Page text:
Begin with Chapter 5. The overall APL of the opening street scene is moderately low and contains the colors of fall leaves. There should be a dimensionality and depth to the image down the street as the taxi approaches. The immediately following shots though a glass window into the cab roughly demonstrate what poor black renditon looks like. The following park scene after the cab has very dark greens behind the falling leaves. Coloration should be vivid autumnal and image depth tremendous and Ryder and Gere walk in the park.


Chapter 7 begins with a view of the Statue of Liberty. Very shortly thereafter one sees a Richard Gere reading a letter. The shots of him switch through a window and direct. You should clearly have a sense that the layer of fog caused by the window is lifted when the camera switches to a direct close up.


Chapter 8 is extremely difficult for a projector to display well. Almost the entire chapter is a tough challeng. The scenes are quite dark, but has shadow detail in the background and clothing. Watch and note if the image is like looking directly at something at night through clear air vs through a smokey veil. It should look like a view through clear air. At the end of Ch 8 one sees a night riverside view then Richard Gere walking up stairs next to the river. Pay particular attention to how vivid the colors of the dimming sunset appears. The sky should have a very definite blue blended to orange appearance as one might see two hours or so after sunset. That sunset should look even more saturate than skin. Look at the blueness of the water behind Gere and his facial color as he ascends the steps. The water should be definitely blue and his face fleshtoned even before he is lit by the street light.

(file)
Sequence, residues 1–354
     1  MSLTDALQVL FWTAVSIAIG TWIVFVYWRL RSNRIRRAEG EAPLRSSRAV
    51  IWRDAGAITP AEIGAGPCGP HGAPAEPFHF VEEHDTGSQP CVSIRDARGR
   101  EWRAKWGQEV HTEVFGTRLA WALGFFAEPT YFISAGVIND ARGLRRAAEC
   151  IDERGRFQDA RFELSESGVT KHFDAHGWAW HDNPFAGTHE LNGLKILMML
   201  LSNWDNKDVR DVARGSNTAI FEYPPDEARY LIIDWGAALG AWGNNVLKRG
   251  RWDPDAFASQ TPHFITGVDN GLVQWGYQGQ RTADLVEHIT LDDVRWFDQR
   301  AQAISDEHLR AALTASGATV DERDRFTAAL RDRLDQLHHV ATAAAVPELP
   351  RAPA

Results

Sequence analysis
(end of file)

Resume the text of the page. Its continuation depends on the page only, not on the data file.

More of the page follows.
Chapter 10 opens with a park scene with average APL but lots of vivid fall color. One is then taken to a dusk outdoor building shot. Transparency in the park scene should be staggering. The plane of your display should practically disappear if blacks is rendered well.


I think Autumn in New York is a more useful subjective test material than Sci Fi or animated films because it showcases material from real life rather than imagined. After all, when was the last time you looked out the viewport of a starship or saw talking bugs? The former doesn't have a real life referrant, and the latter is great for hiding display deficiencies behind bright images with exaggerated colors.


It's incredibly sad that cueing up this film has been made to remind us of unbearable losses so recent and yet to come.


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Guy Kuo
www.ovationsw.com
Ovation Software, the Home of AVIA DVD





[This message has been edited by Guy Kuo (edited 09-16-2001).]
 

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Discussion Starter · #9 ·
Quote:
Originally posted by William:
If you plan on using a HTPC for the best possible picture be aware that the 10ht will not do 1 to 1 pixel mapping at 1360x768.

I read on another forum that you can use a specific resolution (don't remember which it was) to "trick" the projector into thinking it was getting a 720p signal. Would the 1:1 pixel mapping still be an issue?